I will follow your advice and NOT have the screws, plates removed in six months.
    To sum up, in your opinion RetNavyHM, if my son makes a full recovery, full range of motion, good grip strength, etc., do you think he has a decent chance of receiving a waiver with the hardware left in? It is November so we still have many months left to get through the DoDMERB process IF my son receives a scholarship. Thanks again for your help.
     
  5. camom

    camom New Member

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    RetNavyHM

    I just looked at son's medical paperwork and it says for diagnosis: Mid ulnar and proximal radial fractures. I wanted to be as concise as possible. Also in my previous post, I think I should not have asked you your opinion on chances of waiver as that was inappropriate. Perhaps a better way of putting it should have been, have you seen other applicants with similar types of fractures with retained hardware be approved by the medical authorities. Again, thanks a lot.
     
  6. RetNavyHM

    RetNavyHM USN (RET)

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    Feel free to ask anything! If I don't know the answer I'll let you know. If I think someone will not get a waiver, I'll be honest about it and let you know. I will let you know that I am never 100% correct, I've been wrong, sometimes for the good and sometimes for the bad. So never feel that you can't ask a question.

    As for your son, 6 weeks after his surgery, as long as his surgeon has released him to full activities and he doesn't have any problems with the hardware, there should be no reason for DoDMERB to disqualify your son as far as his arm goes. DoDMERB will request all the medical records from the time he fracured his arm, to the time he is released to full activities, so you can start gathering those records now, and after each appointment, physical thearapy visit, get a copy of the physician and thearapists notes. This way, you will have everything ready to go when DoDMERB requests them. Do not send the records with his physical examination, they will not make it to DoDMERB, wait until DoDMEB requests it.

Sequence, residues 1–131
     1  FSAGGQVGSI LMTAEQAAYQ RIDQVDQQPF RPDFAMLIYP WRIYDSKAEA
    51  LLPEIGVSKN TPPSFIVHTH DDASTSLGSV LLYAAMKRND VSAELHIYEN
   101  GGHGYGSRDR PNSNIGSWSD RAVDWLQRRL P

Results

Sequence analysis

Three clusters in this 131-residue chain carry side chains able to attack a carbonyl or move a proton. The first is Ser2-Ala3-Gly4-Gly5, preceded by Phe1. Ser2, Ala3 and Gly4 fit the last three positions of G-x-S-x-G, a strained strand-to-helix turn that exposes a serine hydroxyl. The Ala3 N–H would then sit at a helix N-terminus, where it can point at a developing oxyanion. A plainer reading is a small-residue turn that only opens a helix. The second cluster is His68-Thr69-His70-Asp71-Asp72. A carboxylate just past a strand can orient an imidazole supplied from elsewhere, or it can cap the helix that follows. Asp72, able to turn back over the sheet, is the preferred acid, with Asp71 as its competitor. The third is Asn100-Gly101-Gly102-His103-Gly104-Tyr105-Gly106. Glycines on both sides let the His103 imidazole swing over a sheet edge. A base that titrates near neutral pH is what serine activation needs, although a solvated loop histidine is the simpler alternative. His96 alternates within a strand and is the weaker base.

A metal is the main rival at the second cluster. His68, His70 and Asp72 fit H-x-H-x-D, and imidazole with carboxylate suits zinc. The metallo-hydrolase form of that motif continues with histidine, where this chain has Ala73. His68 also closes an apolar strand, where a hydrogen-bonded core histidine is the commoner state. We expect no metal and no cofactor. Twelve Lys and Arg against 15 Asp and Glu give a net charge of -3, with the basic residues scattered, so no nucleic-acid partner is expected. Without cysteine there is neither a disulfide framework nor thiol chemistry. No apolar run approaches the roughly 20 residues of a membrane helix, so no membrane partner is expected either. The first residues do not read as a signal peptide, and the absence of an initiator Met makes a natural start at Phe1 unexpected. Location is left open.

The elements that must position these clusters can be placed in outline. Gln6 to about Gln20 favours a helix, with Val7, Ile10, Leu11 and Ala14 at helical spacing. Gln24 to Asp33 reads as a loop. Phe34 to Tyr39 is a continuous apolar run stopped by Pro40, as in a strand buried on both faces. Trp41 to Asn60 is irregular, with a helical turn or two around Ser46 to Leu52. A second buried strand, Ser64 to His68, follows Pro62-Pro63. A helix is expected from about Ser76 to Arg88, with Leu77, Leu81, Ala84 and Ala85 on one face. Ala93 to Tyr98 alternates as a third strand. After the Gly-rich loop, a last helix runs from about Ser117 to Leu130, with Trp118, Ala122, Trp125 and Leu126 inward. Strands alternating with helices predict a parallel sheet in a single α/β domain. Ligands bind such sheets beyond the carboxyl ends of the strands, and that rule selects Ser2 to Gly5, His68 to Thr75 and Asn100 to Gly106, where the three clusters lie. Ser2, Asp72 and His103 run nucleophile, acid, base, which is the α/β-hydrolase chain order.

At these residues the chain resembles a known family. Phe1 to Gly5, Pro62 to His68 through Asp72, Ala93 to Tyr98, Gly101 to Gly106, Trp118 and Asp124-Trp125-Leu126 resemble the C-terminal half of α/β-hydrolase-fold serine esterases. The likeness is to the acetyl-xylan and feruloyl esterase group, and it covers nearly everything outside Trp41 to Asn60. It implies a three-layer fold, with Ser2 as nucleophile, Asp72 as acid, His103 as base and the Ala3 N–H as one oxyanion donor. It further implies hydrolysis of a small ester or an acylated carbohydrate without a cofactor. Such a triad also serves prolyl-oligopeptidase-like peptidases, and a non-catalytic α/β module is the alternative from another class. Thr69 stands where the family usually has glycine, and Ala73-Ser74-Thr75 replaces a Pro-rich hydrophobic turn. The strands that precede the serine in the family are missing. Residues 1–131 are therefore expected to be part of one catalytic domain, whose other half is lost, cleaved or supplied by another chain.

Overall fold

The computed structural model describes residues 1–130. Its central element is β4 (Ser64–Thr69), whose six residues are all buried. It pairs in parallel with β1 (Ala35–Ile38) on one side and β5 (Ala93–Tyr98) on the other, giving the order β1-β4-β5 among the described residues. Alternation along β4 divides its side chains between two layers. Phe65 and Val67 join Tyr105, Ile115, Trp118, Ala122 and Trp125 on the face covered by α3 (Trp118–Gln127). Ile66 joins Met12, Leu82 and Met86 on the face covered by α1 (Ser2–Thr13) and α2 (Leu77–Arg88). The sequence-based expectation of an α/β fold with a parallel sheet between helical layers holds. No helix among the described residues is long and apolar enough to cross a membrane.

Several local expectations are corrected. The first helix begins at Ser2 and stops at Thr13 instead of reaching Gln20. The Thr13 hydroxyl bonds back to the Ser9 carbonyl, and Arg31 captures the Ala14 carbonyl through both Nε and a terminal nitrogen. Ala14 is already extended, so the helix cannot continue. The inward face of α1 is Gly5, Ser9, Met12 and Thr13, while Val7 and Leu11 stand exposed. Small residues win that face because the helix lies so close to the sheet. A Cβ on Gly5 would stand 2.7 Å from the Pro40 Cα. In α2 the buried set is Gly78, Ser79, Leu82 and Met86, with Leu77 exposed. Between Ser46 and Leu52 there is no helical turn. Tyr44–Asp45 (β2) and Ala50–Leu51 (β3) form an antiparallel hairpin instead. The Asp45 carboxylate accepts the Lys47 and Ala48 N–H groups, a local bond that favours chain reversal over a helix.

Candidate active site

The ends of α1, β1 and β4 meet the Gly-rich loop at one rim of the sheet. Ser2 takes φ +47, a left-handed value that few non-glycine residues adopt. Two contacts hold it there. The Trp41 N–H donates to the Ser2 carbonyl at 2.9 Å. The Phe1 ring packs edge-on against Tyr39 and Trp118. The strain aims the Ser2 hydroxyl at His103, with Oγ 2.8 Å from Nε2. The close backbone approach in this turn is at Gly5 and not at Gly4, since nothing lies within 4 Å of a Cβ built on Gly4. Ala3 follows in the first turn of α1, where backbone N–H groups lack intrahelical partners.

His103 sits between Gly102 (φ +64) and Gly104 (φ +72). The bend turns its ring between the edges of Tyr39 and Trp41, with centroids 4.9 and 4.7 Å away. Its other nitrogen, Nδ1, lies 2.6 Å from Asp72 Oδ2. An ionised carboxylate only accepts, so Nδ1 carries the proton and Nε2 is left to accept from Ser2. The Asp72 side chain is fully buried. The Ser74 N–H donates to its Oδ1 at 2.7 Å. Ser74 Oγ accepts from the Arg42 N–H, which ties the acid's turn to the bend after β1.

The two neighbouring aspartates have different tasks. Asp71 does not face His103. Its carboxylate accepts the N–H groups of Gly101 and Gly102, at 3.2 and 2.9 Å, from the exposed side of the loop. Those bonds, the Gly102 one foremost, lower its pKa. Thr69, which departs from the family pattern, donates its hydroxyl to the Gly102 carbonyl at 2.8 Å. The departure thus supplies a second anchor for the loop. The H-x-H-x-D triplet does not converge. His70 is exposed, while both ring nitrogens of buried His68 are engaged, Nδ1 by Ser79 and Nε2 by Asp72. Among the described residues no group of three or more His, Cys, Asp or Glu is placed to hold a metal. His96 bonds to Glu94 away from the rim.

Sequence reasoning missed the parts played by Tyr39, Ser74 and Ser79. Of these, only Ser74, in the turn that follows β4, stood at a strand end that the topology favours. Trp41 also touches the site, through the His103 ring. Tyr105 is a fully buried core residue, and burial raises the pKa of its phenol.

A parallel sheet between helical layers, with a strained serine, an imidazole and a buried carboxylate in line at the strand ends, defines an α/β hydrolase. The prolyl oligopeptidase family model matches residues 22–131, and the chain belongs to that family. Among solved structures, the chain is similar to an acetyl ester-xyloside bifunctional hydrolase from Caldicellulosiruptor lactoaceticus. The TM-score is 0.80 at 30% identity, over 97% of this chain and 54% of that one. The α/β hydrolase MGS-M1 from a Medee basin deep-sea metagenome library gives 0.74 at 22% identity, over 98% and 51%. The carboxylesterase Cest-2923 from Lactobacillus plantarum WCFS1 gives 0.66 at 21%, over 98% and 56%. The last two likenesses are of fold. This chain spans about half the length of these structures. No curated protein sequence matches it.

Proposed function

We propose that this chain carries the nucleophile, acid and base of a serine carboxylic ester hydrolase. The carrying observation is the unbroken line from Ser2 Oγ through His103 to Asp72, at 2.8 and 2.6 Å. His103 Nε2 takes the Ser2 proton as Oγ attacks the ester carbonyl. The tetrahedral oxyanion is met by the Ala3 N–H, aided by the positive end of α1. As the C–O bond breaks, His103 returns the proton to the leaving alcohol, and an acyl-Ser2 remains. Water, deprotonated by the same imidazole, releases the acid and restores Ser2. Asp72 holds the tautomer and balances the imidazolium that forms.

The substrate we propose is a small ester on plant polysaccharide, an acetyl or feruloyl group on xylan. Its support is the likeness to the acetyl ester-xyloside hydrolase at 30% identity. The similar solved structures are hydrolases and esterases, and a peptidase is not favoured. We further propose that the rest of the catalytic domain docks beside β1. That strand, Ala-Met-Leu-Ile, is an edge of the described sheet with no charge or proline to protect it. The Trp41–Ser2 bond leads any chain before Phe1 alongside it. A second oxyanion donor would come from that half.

To clear up any confusion, for at least 20 years, any retained hardware was a disqualification. It was a pretty easy waiver, but you can imagine the problems people would have with it, especially if it was asymptomatic. Just recently (in the past 3 years) the standards changed, and as long as the hardware is asymptomatic, it is no longer a disqualification. If you look at the list of disqualifications on the DoDMERB web site, it is still listed, but that is only used if the retained hardware is symptomatic.

    I hope this clears up any confusion!

    If you have any other questions, please feel free to ask. :biggrin:
     
  7. camom

    camom New Member

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    RetNavyHM

    Thanks so much for all the information. I will start gathering records so I can have them all ready to go. I believe it will be longer than 6 weeks after surgery before the surgeon releases him to full activities as I believe the surgeon said his arm has to stay in a splint for 8 weeks. We have an appointment this Friday with the surgeon so I will get clarification. This is all good news for my son. Thank you again.